Figure 7.4 Data patterns become evident in a noise sphere

Phase space graphs are easy to generate and have straightforward math: subtracting lagged elements. It’s also possible to use techniques like autocorrelation and spectral analysis to search for patterns in time-based series. The following figure shows the same LCG output passed through thecorr function of Scilab (http://www.scilab.org). The large spikes indicate an underlying periodicity of the data. Random data would not have such distinct spikes. This would be yet one more tool for the narrow topic of analyzing numeric sequences observed in a web app. (Or even numeric sequences found in the site’s platform. For a historic perspective, check out the issues surrounding TCP Initial Sequence Number prediction, http://www.cert.org/advisories/CA-2001-09.html. (see Figure 7.5))


Figure 7.5 Spikes hint at non-random data

There are transformations that improve the apparent randomness of linear functions (even for the simplest function that produces incremental values), but increasing apparent randomness is not the same as increasing effective entropy. For example, the MD5 hash of the output of an LCG produces a phase space graph indistinguishable from the randomness shown in Figure 7.2. Cryptographic transformations can be an excellent way of reducing the predictability of a series, but there are important caveats that we’ll explore in the next section.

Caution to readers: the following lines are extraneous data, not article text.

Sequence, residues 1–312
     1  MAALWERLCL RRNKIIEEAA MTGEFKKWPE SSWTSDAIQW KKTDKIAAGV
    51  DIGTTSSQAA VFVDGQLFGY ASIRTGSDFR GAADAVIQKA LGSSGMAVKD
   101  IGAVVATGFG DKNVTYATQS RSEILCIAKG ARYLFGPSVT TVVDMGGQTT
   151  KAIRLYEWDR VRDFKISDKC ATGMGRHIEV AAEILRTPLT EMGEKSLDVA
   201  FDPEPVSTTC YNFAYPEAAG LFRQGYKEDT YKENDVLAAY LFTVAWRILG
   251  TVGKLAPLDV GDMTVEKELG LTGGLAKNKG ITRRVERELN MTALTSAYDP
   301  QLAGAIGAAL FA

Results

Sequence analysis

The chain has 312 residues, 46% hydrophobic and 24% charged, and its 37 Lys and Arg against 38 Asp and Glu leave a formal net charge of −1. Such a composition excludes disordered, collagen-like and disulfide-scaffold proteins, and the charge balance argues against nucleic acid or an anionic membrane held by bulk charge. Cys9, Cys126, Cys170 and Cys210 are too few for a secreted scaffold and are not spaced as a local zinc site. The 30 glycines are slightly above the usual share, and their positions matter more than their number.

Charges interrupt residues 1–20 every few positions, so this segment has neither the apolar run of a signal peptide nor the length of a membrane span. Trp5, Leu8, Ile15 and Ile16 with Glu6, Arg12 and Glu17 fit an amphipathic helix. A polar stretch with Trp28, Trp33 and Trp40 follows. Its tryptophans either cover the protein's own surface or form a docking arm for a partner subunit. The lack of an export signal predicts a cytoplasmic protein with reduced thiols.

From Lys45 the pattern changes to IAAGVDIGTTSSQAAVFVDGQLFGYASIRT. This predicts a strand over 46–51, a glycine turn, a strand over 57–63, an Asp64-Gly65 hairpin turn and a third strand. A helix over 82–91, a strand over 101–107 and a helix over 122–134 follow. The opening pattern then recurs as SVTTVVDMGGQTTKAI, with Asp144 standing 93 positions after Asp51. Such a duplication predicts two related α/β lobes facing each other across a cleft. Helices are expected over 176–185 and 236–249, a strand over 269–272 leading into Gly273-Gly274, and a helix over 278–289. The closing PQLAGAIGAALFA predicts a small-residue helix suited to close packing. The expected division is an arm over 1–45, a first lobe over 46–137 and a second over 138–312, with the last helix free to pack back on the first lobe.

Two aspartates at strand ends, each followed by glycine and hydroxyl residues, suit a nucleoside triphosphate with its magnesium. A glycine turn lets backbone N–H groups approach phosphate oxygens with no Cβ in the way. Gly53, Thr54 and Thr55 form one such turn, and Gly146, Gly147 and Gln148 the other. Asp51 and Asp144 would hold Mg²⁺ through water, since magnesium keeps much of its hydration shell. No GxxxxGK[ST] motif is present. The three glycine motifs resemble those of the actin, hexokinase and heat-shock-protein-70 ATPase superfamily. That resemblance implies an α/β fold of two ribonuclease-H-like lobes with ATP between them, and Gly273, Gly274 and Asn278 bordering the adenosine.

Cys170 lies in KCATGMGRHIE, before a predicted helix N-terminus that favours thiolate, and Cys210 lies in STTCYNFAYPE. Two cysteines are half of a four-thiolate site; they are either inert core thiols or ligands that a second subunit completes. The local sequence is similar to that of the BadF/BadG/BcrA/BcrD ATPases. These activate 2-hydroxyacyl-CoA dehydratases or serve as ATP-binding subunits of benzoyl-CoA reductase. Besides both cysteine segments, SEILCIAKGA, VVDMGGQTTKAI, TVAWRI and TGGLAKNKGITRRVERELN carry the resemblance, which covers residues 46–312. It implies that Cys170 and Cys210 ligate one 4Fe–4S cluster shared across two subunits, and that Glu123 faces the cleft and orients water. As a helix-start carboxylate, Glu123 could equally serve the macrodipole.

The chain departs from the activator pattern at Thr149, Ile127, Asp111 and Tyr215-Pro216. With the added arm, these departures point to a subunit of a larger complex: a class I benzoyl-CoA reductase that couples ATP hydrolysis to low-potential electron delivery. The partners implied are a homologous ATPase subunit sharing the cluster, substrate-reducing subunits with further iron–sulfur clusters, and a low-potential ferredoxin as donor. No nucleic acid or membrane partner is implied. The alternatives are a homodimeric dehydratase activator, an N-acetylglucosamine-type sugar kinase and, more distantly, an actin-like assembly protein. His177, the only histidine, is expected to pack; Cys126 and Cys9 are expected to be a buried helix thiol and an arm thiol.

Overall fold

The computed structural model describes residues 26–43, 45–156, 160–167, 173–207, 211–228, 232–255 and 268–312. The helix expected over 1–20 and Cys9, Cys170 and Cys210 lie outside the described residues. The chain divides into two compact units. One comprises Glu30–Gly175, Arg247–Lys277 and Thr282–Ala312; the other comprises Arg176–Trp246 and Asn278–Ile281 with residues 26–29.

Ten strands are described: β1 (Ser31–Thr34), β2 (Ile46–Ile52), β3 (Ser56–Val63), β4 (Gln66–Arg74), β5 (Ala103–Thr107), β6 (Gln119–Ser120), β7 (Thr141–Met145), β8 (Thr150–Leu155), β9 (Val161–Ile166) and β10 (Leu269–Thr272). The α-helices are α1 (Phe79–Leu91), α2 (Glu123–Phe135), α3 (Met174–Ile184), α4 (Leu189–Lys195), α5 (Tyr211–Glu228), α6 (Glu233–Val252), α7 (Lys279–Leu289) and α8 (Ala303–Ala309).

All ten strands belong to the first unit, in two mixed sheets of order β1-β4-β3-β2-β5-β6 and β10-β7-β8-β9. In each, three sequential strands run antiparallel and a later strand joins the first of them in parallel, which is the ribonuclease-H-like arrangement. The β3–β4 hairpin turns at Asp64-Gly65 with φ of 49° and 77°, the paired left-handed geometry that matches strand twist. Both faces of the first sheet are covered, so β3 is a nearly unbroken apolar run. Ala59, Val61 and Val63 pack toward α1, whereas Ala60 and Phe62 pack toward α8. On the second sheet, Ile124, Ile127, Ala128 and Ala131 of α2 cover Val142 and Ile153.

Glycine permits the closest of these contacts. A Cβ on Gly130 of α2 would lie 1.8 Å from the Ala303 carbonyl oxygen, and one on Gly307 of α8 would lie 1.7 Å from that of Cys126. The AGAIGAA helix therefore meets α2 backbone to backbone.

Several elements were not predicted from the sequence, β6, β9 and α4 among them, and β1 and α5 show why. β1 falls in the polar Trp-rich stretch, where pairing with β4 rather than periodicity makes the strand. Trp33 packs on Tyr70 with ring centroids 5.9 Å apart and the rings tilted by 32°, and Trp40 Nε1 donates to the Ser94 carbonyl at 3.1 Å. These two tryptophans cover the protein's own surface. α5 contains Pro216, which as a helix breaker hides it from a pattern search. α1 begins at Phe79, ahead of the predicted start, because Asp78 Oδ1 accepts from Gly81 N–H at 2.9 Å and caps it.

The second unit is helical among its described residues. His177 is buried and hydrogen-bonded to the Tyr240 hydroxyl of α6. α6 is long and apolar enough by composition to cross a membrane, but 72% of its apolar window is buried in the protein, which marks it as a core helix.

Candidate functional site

The Fallacy of Complex Manipulation

Expecting a strong cryptographic hash or other algorithm to produce a wide range of random values from a small seed. A hash function like MD5 or SHA256 will create a 128- or 256-bit value from any given seed. The incorrect assumption is based on conflating the difficulty of guessing a 256-bit value with the relative ease of guessing a seed based on a few digits. For example, if an attacker sees that the userid for an account is 478f9edcea929e2ae5baf5526bc5fdc7629a2bd19cafe1d9e9661d0798a4ddae the first step would be to attempt to brute force the seed used to generate the hash. Imagine that the site’s developers did not wish to expose the userid, which are generated incrementally. The posited threat was an attacker could cycle through userids if the values were in an easily guessed range such as 100234, 100235, 100236, and so on. An inadequate countermeasure is to obfuscate the id by passing it through the SHA-256 hash function. The expectation would be that the trend would not be discernible which, as the following samples show, seems to be a fair expectation. (The values are generated from the string representation of the numeric userids.)